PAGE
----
How would you like to be able to digitally save an image or a block of text from a book or a magazine with just a touch? This is now possible, with the help of an innovative interactive interface technology from Fujitsu called the FingerLink Interaction System.
The technology consists of interactive touchscreen which is overlaid over real objects, such as paper, for instance. The Fingerlink prototype uses cameras, projectors and a scanner, reading the movement of your fingers on its interface. The camera and projector are linked by special image processing software from Fujutsu. With this tech, you are able to capture the information you want from a book or newspaper and import it as digital data, with just the swipe of a finger.
The system can detect your fingers’ movements with accuracy as you touch the printed material and it allows you to copy any images or text, which you can then project elsewhere. You can easily adjust the size of the projected image with the same finger motions.
Let’s say you want to quickly extract a picture or a block of text from a magazine. You just have to press with a fingertip in one corner of the image or the paragraph you are interested in, drag to the other corner and then lift. The system’s off-the-shelf camera can recognize height so it will have a different response when your hand is further away or closer to the magazine. Moreover, the Fingerlink can adjust color and brightness settings for differences in hand color, in order to accurately identify fingertips.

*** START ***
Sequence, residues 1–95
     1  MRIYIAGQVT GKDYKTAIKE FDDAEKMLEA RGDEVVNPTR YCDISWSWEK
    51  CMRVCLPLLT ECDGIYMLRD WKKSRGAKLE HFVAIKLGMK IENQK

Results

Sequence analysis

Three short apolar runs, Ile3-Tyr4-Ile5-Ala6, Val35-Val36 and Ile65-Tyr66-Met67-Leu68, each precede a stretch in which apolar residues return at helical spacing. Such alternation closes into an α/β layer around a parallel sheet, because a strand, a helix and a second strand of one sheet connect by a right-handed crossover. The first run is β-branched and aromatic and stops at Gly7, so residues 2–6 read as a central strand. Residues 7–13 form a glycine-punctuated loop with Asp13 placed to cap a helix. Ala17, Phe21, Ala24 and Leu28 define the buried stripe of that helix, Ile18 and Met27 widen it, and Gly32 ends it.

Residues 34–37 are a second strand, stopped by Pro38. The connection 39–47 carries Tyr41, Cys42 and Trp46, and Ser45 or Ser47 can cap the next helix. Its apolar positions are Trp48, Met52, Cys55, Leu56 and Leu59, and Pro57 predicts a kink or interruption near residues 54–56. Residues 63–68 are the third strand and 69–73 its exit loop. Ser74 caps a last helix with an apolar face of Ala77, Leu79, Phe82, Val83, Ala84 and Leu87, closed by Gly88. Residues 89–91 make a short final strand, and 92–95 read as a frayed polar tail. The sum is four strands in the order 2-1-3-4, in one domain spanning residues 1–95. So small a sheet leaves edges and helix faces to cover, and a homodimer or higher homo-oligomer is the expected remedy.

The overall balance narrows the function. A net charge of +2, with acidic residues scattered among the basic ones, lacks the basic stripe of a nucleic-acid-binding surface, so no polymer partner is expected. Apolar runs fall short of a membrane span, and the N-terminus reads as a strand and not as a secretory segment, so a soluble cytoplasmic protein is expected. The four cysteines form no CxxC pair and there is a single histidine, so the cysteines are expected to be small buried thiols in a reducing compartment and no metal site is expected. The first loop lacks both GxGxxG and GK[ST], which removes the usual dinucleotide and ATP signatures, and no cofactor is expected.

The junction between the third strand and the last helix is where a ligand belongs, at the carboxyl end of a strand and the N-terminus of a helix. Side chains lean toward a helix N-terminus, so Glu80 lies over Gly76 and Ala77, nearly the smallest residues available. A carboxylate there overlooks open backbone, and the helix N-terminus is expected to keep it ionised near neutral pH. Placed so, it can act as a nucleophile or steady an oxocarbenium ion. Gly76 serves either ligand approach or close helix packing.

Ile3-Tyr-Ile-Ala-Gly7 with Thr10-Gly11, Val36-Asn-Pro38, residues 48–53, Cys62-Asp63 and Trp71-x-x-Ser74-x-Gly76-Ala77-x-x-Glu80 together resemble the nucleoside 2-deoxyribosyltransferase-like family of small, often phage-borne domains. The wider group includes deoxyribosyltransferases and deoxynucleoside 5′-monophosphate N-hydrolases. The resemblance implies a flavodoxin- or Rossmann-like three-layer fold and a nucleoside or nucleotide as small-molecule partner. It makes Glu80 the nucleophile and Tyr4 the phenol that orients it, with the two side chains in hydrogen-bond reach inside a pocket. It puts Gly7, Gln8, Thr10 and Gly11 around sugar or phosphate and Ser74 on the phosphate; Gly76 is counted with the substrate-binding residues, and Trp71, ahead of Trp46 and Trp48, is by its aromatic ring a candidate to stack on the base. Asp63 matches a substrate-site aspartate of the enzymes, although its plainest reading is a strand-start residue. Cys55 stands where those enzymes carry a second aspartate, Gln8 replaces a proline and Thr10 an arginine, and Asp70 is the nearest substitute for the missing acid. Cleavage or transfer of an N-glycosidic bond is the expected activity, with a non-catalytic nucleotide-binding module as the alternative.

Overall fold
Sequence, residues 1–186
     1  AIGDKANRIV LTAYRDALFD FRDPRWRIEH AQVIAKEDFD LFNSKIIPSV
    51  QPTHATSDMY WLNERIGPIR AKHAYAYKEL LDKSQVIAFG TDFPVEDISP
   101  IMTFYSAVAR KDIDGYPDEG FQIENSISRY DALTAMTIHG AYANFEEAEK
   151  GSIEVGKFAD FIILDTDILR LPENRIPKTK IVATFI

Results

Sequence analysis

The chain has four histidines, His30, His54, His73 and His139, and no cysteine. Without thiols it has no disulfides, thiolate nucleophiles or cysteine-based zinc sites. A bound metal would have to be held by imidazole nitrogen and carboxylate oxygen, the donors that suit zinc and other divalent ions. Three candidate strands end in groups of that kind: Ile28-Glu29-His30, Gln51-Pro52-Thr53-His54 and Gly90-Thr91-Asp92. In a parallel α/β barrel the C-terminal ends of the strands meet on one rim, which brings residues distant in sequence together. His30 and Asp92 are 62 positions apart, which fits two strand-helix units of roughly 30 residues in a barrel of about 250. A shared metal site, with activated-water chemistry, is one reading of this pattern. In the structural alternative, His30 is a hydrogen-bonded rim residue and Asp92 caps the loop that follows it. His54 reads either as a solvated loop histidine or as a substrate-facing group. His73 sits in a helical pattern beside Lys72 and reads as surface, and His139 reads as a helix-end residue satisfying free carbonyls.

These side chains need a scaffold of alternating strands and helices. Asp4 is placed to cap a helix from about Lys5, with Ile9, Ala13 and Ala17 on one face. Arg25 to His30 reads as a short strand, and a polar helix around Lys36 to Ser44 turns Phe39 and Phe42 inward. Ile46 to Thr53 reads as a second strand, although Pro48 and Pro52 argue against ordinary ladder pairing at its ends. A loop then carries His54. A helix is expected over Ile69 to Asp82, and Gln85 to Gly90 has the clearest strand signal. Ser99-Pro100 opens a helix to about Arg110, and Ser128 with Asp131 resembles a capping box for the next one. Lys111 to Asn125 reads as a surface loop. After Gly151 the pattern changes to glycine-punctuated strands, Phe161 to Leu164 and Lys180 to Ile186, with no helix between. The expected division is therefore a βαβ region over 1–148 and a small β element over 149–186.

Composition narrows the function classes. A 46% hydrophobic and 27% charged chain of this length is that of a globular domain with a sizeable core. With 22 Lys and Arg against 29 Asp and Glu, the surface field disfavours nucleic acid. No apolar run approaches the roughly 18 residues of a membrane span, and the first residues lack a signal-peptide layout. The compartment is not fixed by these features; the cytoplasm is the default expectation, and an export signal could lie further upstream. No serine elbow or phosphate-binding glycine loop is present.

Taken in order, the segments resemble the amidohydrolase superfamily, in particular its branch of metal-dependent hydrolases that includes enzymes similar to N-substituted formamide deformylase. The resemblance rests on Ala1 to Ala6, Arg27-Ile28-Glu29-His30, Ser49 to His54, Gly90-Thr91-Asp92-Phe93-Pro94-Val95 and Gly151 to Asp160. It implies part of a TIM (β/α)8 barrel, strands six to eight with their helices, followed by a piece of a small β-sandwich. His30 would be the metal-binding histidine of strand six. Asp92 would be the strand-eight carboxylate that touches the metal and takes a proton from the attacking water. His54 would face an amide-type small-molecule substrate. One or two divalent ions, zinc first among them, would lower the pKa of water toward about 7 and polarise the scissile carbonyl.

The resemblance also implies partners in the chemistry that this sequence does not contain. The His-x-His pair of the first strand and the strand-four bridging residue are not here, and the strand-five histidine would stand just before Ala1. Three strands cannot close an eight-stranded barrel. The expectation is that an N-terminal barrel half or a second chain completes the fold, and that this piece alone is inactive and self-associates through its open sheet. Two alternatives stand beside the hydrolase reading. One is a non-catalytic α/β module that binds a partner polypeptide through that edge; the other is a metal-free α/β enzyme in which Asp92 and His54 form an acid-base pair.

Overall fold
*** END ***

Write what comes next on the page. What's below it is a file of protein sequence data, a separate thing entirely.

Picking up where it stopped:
The technology also works with objects shaped irregularly, such as the pages of a book, which are generally convex. It recognizes gestures that do not actually involve touch, such as for instance, manipulating 3D computer animated objects.
Fujitsu is planning to continue improving the system, in view of releasing a commercial version for sale in 2014. As for possible applications, there could be several, including the processing of 3D CAD data. The Japanese manufacturer also thinks the technology could be successfully used to display detailed information at a travel agency or for filling in forms at City Hall. The Fingerlink could also be used by libraries to digitalize their volumes, and especially the rare ones, so as to give access to a higher number of students.
[Image via Pocket-lint]